Cardiovascular Risk and Comorbidities in Patients with Rosacea: A Systematic Review and Meta-analysis
Tsung-Yu Tsai, Ying-Yi Chiang, Yu-Chen Huang
The association between rosacea and cardiovascular disease remains controversial. A systematic review and meta-analysis of the literature, from inception to 15 February 2020, was performed to compare cardiovascular risk and comorbidities in individuals with and without rosacea. Twelve studies, involving 40,752 patients with rosacea, were included. Compared with controls, patients with rosacea had higher systolic blood pressure (standardized mean difference (SMD) 0.293, 95% confidence interval (CI) 0.054–0.532), diastolic blood pressure (SMD 0.309, 95% CI 0.003–0.615), total cholesterol (SMD 1.147, 95% CI 0.309–1.984), low-density lipoprotein (SMD 0.792, 95% CI 0.174–1.409), C-reactive protein (SMD 0.26, 95% CI 0.099–0.421), greater epicardial fat thickness (SMD 1.945, 95% CI 1.595–2.296), and higher incidence of hypertension (odds ratio (OR) 1.204, 95% CI 1.097–1.332) and insulin resistance (OR 2.338, 95% CI 1.187–4.605). This study reveals that patients with rosacea are predisposed to increased subclinical cardiovascular risk.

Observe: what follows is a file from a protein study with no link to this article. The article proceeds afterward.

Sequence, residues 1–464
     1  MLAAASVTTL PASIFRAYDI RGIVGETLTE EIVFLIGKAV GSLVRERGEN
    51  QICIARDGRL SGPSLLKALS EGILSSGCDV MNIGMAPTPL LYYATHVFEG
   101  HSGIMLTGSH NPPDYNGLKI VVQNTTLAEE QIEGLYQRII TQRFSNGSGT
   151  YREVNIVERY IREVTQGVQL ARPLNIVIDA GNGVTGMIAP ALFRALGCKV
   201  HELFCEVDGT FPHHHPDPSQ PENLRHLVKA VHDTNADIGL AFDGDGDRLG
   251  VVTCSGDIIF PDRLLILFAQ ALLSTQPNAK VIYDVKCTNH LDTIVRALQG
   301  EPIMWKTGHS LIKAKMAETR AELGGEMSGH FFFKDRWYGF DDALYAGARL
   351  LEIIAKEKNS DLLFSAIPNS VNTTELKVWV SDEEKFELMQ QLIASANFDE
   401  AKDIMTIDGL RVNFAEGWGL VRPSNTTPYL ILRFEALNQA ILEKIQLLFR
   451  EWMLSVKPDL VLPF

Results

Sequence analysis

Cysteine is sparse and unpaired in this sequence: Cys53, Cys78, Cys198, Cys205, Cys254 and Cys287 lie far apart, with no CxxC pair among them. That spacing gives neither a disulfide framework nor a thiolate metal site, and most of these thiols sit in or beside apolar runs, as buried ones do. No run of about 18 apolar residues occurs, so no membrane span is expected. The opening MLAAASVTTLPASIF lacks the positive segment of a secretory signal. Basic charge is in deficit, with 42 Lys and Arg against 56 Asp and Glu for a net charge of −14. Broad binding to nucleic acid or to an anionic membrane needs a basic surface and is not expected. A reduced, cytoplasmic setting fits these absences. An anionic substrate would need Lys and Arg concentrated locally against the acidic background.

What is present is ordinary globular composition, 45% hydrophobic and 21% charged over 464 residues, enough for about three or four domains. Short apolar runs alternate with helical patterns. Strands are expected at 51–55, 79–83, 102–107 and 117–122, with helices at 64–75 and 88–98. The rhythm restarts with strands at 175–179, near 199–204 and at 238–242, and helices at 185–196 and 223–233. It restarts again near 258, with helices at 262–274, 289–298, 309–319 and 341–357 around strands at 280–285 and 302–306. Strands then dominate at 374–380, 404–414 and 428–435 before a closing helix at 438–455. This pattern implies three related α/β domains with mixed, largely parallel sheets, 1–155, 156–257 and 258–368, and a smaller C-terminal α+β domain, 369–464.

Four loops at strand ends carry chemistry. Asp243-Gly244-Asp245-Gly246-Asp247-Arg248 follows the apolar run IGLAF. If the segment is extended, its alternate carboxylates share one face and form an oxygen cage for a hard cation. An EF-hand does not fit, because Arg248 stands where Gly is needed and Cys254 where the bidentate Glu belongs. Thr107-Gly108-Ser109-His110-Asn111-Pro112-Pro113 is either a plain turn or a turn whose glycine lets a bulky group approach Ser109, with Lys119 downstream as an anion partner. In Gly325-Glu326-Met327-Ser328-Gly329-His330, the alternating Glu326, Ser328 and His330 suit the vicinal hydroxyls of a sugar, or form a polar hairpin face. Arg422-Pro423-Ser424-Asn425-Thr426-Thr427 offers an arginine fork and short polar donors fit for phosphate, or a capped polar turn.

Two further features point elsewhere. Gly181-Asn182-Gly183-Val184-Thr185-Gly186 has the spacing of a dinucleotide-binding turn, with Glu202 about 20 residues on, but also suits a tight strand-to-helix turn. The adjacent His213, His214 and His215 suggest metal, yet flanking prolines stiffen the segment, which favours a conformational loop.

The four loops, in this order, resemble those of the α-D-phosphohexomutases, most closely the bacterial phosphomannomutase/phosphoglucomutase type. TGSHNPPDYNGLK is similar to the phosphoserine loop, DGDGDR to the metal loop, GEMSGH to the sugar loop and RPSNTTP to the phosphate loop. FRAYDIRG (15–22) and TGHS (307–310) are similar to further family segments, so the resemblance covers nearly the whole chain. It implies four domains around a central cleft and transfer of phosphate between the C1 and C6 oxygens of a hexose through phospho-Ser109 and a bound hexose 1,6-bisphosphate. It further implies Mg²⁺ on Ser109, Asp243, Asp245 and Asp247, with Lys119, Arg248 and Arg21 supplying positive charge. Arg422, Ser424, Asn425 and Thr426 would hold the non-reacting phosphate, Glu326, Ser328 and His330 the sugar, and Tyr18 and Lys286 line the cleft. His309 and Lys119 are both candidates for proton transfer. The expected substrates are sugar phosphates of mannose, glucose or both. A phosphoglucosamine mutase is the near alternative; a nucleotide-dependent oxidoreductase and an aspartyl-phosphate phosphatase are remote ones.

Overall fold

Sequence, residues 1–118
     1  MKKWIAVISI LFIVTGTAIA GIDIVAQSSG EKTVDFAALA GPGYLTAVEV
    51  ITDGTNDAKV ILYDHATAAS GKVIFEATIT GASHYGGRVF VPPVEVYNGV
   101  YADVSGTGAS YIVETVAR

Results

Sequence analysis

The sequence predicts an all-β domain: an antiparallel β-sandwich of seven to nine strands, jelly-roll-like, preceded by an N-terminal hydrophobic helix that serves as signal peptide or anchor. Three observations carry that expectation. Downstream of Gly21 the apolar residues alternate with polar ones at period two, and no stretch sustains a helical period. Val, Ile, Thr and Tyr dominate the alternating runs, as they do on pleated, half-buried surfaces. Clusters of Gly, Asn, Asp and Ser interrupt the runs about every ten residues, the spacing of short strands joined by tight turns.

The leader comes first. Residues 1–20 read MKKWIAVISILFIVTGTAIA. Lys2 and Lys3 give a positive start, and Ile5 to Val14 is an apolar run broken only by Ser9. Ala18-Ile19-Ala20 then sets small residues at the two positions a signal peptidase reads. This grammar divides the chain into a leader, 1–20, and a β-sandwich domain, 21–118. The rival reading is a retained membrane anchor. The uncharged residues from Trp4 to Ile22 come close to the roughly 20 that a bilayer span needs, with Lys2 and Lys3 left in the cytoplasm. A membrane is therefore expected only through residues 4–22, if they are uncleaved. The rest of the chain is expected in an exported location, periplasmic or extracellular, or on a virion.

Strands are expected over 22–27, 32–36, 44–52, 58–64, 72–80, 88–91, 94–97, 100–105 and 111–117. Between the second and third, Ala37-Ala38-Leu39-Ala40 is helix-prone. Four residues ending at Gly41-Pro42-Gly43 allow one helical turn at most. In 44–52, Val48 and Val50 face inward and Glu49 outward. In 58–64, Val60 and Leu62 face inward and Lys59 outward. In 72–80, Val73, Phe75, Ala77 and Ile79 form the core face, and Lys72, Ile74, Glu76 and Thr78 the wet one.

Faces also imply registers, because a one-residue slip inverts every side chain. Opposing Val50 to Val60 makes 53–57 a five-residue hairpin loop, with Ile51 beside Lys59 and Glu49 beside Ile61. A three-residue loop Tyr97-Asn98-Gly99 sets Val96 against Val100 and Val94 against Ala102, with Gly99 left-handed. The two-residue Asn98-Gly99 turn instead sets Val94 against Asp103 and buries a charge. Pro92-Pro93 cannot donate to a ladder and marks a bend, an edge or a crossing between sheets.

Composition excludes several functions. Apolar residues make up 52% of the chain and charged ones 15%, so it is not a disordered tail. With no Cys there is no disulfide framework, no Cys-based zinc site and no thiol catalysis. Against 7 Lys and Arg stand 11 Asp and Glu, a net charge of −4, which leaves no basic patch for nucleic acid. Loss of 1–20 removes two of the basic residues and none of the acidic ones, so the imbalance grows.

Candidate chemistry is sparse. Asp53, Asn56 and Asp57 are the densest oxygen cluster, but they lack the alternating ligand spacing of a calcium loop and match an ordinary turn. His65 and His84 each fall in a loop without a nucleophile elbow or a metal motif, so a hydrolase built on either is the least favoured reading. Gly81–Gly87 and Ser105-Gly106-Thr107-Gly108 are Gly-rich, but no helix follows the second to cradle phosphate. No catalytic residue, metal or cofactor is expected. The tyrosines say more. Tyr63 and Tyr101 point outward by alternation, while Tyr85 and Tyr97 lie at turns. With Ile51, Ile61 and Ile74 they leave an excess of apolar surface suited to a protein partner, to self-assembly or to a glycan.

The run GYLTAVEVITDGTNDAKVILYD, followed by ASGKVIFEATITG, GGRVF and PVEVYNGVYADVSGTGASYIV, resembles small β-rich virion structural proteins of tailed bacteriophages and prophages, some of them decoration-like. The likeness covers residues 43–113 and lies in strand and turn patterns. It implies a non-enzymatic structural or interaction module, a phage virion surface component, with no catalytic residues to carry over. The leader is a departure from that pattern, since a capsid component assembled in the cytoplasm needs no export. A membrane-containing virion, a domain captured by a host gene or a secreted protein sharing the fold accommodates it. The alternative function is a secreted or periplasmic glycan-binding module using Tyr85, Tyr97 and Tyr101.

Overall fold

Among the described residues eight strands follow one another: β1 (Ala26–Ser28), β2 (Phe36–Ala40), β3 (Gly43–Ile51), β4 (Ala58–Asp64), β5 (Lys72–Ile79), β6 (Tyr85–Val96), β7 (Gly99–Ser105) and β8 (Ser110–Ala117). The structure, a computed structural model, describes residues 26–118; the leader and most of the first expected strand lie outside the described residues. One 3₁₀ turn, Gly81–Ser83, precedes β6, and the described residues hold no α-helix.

This study reveals that patients with rosacea are predisposed to increased subclinical cardiovascular risk, but there is insufficient evidence to demonstrate a higher incidence of overt cardiovascular comorbidities. Clinicians are advised to examine patients with rosacea for cardiovascular risk and comorbidities and to offer advice on lifestyle modifications.